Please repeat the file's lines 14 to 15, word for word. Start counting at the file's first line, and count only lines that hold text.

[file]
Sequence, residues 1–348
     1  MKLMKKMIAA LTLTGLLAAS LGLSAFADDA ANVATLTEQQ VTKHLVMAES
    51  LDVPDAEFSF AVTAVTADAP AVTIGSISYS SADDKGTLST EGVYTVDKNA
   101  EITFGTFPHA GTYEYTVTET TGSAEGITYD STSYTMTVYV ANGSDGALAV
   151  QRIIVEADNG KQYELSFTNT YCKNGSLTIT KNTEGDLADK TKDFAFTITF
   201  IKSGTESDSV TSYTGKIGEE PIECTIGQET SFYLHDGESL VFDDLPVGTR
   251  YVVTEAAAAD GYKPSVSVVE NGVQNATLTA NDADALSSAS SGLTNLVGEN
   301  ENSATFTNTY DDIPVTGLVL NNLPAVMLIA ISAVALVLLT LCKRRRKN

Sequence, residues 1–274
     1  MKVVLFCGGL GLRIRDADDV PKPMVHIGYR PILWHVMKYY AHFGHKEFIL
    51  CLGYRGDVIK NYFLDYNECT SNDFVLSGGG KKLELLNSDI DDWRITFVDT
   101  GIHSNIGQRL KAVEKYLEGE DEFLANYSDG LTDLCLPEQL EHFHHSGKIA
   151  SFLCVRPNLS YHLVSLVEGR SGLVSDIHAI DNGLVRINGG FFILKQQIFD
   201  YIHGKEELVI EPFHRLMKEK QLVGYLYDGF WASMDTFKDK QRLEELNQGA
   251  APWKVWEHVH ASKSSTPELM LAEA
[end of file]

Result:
   201  YIHGKEELVI EPFHRLMKEK QLVGYLYDGF WASMDTFKDK QRLEELNQGA
   251  APWKVWEHVH ASKSSTPELM LAEA